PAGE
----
More MS news articles for Oct 2001

Running strong

Friday, October 5, 2001

Amanda Mott is used to the wide-eyed looks. People can't believe it when she tells them she has multiple sclerosis. They wonder how she's able to wake up at 5 a.m. two days a week to get dressed for a 5- or 6-mile run near her home in St. Paul's Macalester-Groveland neighborhood. On weekends, she's up at 7 a.m. to put in between 16 and 20 miles.

There is more disbelief when she reveals that she's preparing to run in Sunday's 26-mile Twin Cities Marathon.

The 20th annual race through streets in St. Paul and Minneapolis is just another item on Mott's busy schedule to strike down false perceptions of multiple sclerosis, a disease that attacks the nervous system and can lead to permanent disability.

"I tell my husband (Tim) sometimes that MS might slow me down, but it won't take me down," said Mott, who will be among 9,000 runners in the marathon, which starts at the Metrodome and ends at the state Capitol.

Mott, 38, was diagnosed with multiple sclerosis in April 2000, several months after the birth of her 2-year-old daughter, Anna Lee. Mott began to feel numbness in her legs, the same sensation she felt shortly after the birth of her 5-year-old son, Parker.

After Parker's birth, Mott assumed the occasional numbness from her waist down was the result of the pounding she took in a kick-boxing class. The numbness went away and didn't concern her again until after Anna Lee was born. Mott went to see a doctor and was referred to a specialist, Dr. Gary Birnbaum, director of the Multiple Sclerosis Treatment and Research Center at the Minneapolis Clinic of Neurology in Golden Valley.

Mott underwent a magnetic resonance imaging exam and CT scan, which revealed brain lesions and tissue bacteria in the nervous system, early warning signs of multiple sclerosis. The news was devastating to Mott, who lost her father to the disease in 1986.

"I was 23 when my father died," Mott said. "I watched him struggle with MS for most of my life. He was 46 when he died. Ten years after he was diagnosed, he was gone. When I found out about me, I was worried about my children. Will they see me go through the same thing?"

About 400,000 people in the United States have some form of multiple sclerosis, according to the Mayo Clinic. Medical researchers have yet to find a cure for the disease, which generally is found in people between the ages of 20 and 40. Women are twice as likely to be affected as men.

Multiple sclerosis is caused by inflammation of tissue in the nervous system, which can block or delay nerve impulses traveling back and forth from the brain. Damage to tissues can slow or block muscle coordination, visual sensation and other nerve signals, and in severe cases, lead to paralysis or permanent disabilities.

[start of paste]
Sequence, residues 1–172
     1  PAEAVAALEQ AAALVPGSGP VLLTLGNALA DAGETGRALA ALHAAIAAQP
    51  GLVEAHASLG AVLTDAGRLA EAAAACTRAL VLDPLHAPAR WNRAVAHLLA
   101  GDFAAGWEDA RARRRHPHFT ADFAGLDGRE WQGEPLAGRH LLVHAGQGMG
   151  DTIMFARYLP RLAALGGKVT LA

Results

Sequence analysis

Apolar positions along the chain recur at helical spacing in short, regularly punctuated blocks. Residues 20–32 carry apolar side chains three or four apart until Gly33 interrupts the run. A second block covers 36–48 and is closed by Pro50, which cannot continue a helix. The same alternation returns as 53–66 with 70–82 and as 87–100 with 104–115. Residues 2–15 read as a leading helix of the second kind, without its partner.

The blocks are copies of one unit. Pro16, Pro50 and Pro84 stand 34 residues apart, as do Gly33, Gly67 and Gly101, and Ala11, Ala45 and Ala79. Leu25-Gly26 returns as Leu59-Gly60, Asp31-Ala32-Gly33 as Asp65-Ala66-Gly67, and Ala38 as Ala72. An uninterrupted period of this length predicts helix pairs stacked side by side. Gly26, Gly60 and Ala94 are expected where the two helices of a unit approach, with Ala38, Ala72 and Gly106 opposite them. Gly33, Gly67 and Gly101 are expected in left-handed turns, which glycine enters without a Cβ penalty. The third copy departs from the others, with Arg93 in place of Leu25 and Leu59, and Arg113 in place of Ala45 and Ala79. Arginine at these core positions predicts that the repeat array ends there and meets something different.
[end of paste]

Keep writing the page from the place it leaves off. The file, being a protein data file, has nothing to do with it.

Mott said she doesn't experience some of the serious effects of multiple sclerosis, but Birnbaum immediately put her on a treatment program that includes daily injections of Copaxone, one of the few drugs approved by the Food and Drug Administration to fight the disease. Birnbaum said Capoxone "can alter the course of the disease and have a positive effect on the inflammation of tissue in the brain and the overall neurological system."

Birnbaum also recommended that Mott keep busy.

"It's unusual for me to have a patient running in a marathon, but I think it's wonderful," Birnbaum said of Mott. "I enthusiastically encourage patients with MS to do as much exercising as they can -- for the physical and psychological benefits. MS can be a very upsetting disease."

Sunday's race will be Mott's third marathon and her first competition since she was diagnosed. She ran in the 1998 Grandma's Marathon in Duluth and the 1995 Twin Cities Marathon. Mott took up running as a full-time hobby in 1994. She was adamant about not giving up running, hiking, camping or any other outdoor activity after Birnbaum told her she had multiple sclerosis.

"The Copaxone really has helped me," she said. "It's a huge coup for me to be able to do this marathon and maybe inspire some people with MS. I have to be careful sometimes with dehydration when I run. During the summer when it was hot, it took me longer to recover. Other than that, I feel pretty energized about my condition."

Because of her father, Mott is well-informed about multiple sclerosis. After her diagnosis, she did more research and regularly visits a Web site ( to gain new information about the illness and interact with patients across the country in chat rooms.

With no cure for multiple sclerosis, Birnbaum is unsure how long he'll be able to give Mott good reports on her health. He said the disease has varying effects on people. Birnbaum advises people in the early stages of multiple sclerosis to undergo MRI exams once a year to monitor improvements or setbacks.

Mott is required to have an MRI exam every six months. She had one Wednesday and will meet with Birnbaum on Monday to learn the results.

"Amanda could have difficulty in the future, but I'm very encouraged by her progress," Birnbaum said. "Not everyone with MS will have a major impairment of functions."

Mott gets the chance to prove that Sunday.

Ray Richardson can be reached at

© 2001 PioneerPlanet